7 misconceptions about SNSF research funding - and the reality behind them

In spite of detailed information and advice: some misconceptions about SNSF research funding continue to do the rounds. We’ll tell you what’s true.

1st misconception: "If I am already receiving financial support for a project, I can't apply for another grant."

The truth is: You can, actually. Holding grants for more than one project at a time is permissible. For instance, for two - thematically unrelated - projects in our project funding scheme, and for one further project each in a National Research Programme and under the SPIRIT programme. A substantial personal contribution by the applicant to each project is a precondition.

2nd misconception: "The SNSF only finances joint projects involving several research groups if the projects are interdisciplinary and involve breakthrough research."

The truth is: This condition only applies to the Sinergia programme, but not to project funding or other funding schemes. The SNSF is keen to promote collaboration between different research groups. Collaborative projects may be awarded higher grants, and some of our schemes facilitate joint projects with research groups abroad.

3rd misconception: "I have found the perfect employee. But I am not allowed to employ her for my SNSF-funded project because she did her doctorate more than five years ago."

The truth is: You are allowed to employ people who completed their doctorate more than five years ago. Such researchers are registered as "Other employees" and cannot benefit from any of the SNSF career promotion measures. Academics who do not intend to do a doctorate as well as technical and auxiliary staff also fall into this category.

4th misconception: "If I indicate in the application that my project concerns use-inspired basic research, this will reduce my chances of being funded by the SNSF."

The truth is: Use-inspired basic research has the same chances of being funded as basic research. The project's broader impact is considered during the evaluation. The SNSF will pay more attention to this aspect in the future. Industry experts may be appointed as evaluators if necessary. By implementing the DORA declaration, we want to guarantee that the usefulness of research for the economy and society is considered across the board.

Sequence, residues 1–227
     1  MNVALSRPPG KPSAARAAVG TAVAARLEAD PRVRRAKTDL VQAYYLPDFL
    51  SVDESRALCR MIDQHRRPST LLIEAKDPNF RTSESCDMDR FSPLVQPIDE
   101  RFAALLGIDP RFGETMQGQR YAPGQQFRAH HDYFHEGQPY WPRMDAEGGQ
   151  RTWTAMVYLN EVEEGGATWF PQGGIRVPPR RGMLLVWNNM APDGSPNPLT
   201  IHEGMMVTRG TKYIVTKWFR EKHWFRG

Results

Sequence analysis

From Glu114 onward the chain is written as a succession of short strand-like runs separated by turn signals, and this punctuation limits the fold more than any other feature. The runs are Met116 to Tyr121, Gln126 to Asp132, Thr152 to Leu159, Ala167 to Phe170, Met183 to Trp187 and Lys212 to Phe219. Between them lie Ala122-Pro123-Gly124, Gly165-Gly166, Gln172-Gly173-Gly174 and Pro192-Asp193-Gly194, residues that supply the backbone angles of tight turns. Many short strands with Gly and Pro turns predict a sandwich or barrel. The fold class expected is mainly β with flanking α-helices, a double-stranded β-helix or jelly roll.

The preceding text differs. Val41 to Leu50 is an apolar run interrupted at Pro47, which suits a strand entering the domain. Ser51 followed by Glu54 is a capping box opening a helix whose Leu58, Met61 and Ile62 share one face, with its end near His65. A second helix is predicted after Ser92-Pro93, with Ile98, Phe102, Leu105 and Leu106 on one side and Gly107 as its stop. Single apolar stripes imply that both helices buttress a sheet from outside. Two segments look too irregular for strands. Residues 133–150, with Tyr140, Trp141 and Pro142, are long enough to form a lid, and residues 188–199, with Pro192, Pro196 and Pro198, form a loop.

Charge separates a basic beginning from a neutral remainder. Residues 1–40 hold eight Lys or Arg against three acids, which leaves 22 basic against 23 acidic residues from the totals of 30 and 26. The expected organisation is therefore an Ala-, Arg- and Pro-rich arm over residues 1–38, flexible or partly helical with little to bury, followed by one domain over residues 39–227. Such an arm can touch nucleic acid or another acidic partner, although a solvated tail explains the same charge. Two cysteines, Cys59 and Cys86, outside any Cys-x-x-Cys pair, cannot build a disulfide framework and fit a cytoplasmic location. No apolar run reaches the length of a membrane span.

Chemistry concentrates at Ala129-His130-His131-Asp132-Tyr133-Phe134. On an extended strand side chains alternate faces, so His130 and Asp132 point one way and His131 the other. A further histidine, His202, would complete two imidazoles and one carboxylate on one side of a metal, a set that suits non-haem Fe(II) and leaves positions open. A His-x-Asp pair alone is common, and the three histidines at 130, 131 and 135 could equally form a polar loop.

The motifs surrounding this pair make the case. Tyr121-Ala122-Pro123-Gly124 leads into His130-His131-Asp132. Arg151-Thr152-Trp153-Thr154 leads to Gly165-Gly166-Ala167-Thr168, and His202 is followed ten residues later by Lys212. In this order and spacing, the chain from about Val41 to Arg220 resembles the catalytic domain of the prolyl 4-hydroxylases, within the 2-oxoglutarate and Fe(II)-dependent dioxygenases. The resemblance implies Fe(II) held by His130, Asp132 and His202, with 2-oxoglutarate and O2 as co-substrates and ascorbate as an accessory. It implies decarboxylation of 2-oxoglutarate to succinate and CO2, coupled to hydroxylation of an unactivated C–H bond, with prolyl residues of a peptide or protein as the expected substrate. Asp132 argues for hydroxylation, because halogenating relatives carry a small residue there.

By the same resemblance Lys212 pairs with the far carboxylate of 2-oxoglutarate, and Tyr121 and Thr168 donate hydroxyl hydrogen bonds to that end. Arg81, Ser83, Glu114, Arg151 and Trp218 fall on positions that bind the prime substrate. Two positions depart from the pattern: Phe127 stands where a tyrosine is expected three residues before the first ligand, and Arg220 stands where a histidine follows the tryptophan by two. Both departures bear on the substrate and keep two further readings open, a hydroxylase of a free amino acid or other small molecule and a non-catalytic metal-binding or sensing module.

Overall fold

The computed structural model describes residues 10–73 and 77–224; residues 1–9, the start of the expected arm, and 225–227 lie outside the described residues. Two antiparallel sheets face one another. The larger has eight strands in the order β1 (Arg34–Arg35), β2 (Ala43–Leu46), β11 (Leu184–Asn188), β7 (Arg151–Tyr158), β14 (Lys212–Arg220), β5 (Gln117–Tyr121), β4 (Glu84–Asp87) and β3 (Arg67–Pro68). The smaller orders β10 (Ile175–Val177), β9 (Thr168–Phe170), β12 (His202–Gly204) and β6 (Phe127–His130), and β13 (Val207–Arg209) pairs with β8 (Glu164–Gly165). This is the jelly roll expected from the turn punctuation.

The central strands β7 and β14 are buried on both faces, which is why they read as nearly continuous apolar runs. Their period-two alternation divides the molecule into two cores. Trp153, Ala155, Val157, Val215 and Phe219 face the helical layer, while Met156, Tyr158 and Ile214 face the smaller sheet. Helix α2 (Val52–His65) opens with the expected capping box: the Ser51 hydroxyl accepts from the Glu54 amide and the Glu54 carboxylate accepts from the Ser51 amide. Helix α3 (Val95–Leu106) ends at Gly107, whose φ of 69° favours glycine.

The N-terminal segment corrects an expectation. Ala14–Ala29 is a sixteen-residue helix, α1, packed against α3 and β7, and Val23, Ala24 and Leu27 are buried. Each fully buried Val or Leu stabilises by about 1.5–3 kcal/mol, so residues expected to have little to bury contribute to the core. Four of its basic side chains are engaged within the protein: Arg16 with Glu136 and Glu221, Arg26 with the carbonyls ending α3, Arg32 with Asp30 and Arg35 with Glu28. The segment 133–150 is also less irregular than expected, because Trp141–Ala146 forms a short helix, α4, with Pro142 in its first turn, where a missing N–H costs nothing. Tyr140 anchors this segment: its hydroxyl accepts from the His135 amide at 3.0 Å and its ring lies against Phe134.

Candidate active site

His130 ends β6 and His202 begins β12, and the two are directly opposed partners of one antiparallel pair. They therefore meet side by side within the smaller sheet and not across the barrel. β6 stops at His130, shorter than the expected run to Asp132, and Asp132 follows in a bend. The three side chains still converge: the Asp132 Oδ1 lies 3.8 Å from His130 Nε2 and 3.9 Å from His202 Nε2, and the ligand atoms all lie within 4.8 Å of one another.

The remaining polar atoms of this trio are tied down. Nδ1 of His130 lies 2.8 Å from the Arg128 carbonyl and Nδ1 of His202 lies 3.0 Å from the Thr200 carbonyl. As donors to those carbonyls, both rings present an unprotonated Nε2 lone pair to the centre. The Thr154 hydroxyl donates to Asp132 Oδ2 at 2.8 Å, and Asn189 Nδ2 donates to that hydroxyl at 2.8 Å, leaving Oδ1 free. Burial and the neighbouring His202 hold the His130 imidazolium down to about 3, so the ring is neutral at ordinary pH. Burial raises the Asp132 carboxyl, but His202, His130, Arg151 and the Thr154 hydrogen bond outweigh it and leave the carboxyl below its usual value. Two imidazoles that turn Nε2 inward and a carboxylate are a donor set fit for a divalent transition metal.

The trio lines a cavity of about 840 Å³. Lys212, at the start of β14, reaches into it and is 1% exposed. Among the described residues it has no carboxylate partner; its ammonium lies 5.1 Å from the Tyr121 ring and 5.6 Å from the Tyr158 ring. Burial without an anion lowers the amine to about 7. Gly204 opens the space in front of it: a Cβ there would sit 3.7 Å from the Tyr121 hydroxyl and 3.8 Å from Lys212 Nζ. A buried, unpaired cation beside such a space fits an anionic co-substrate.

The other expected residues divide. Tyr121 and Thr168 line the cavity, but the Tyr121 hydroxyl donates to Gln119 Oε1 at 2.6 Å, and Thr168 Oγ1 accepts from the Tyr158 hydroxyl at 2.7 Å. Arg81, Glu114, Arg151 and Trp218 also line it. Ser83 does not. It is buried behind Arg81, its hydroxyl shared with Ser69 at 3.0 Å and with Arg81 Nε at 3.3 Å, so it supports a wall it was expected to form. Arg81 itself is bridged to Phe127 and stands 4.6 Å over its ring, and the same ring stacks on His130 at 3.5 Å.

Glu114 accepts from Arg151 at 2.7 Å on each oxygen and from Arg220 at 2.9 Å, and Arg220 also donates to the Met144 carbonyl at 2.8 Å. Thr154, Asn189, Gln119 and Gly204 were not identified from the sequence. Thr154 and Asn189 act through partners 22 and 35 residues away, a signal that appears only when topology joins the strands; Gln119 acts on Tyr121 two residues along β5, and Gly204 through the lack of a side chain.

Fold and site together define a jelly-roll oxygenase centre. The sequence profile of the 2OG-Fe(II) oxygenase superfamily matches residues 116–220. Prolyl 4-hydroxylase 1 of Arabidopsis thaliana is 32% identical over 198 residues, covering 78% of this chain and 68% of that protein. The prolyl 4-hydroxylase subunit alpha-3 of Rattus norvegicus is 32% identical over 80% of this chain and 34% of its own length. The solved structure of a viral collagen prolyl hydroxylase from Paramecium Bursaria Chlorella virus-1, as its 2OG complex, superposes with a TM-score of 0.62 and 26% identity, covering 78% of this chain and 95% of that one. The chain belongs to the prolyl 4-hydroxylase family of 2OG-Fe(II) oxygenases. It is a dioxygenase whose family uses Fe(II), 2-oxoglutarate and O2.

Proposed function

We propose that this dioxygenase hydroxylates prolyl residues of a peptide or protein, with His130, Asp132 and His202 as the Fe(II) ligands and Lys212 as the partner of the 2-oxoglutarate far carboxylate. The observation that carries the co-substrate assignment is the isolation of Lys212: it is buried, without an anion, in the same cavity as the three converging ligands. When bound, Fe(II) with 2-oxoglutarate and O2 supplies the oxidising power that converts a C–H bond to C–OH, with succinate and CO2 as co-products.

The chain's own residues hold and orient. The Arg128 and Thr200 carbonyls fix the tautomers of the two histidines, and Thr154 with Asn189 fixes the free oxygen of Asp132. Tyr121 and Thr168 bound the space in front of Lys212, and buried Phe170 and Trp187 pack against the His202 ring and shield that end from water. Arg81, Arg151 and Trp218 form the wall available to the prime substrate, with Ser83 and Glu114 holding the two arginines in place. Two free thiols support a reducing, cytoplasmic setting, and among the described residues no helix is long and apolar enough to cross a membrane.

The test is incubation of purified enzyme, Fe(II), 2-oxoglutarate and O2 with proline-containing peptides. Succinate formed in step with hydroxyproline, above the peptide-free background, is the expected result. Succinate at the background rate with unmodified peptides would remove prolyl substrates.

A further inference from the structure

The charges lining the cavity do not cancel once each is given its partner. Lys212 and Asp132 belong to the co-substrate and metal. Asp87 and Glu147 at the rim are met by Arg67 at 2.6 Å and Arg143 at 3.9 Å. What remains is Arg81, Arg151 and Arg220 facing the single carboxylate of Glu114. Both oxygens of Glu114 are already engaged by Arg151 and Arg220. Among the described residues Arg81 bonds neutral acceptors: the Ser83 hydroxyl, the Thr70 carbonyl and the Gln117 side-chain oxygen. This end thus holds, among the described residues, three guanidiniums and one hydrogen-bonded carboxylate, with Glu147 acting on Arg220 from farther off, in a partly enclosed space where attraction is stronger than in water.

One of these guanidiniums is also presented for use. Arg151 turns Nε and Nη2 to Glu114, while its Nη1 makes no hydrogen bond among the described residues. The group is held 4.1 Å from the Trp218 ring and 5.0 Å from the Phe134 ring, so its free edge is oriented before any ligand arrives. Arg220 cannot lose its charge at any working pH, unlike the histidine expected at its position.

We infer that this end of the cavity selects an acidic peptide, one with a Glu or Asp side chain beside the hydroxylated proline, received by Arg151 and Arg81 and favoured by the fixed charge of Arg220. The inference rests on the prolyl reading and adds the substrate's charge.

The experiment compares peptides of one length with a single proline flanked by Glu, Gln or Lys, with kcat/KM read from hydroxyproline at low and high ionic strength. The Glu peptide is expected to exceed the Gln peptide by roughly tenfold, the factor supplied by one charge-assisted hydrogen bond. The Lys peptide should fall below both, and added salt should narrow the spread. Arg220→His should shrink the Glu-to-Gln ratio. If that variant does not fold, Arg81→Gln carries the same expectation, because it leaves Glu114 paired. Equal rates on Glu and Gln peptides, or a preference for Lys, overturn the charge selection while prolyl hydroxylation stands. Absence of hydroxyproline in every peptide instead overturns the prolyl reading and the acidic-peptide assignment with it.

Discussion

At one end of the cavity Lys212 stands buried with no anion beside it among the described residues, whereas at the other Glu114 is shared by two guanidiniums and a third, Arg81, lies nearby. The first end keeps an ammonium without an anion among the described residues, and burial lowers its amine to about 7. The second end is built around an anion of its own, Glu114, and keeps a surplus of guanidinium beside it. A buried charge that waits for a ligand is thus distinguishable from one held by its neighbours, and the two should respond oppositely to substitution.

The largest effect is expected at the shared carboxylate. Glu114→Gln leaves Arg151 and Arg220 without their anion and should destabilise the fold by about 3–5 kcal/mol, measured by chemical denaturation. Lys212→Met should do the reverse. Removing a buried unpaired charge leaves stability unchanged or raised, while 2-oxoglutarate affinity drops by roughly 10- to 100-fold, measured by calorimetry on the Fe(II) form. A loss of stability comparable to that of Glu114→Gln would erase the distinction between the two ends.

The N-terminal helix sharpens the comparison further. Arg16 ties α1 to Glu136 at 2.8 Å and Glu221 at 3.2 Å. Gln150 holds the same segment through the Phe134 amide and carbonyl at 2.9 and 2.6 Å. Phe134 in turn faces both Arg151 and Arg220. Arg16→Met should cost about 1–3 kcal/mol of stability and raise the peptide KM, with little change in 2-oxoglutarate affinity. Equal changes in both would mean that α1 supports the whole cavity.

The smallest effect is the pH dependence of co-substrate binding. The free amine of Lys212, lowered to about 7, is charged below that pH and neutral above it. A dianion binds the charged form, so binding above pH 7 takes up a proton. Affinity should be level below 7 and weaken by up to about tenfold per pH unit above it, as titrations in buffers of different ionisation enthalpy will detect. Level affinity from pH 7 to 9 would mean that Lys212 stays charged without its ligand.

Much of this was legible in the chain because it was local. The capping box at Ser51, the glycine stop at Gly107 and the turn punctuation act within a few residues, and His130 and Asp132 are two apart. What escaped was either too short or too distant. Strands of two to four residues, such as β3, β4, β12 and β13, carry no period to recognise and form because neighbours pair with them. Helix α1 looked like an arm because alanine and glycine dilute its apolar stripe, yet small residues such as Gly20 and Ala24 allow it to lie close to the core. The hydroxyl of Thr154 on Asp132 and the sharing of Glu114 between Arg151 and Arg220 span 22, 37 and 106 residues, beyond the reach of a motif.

5th misconception: "The SNSF demands that I publish all my project data. This means I cannot assure my test subjects that all data is confidential, and this will make it impossible for me to do research."

The truth is: We do expect that you make your data freely available. However, this requirement only applies if there are no legal, ethical or copyright issues, or confidentiality clauses or other reasons that stand in the way of publication. What is more, personal data can often be anonymised to prevent any inferences about a person's identity.

6th misconception: "SNSF demands that I publish my findings in open-access journals via the gold road. But, in my discipline, there are no suitable journals for this. Therefore I cannot meet the open-access requirement."

The truth is: You can also take the green road: first publish your results in a subscription-based journal, then upload the article to a public database after six months at the latest. For books, the deadline is twelve months. When choosing a journal or a publisher, please make sure that it supports green-road publishing.

The SNSF also accepts publication in journals with a hybrid business model but does not cover any of the costs - quite in contrast to its practice for open-access journals.

7th misconception: "I would like to apply for an Ambizione grant from the SNSF's career funding schemes. But, as I work at a university of applied sciences, I'm not eligible for one."

The truth is: All career funding schemes are open to researchers at universities of applied sciences and universities of teacher education. Some funding schemes even have special conditions in place for applicants from these institutions, thereby taking account of the specific settings of given research fields. That being said, the SNSF has not received many applications for career grants from universities of applied sciences and universities of teacher education until now. We therefore expressly encourage researchers at such institutions to submit more applications.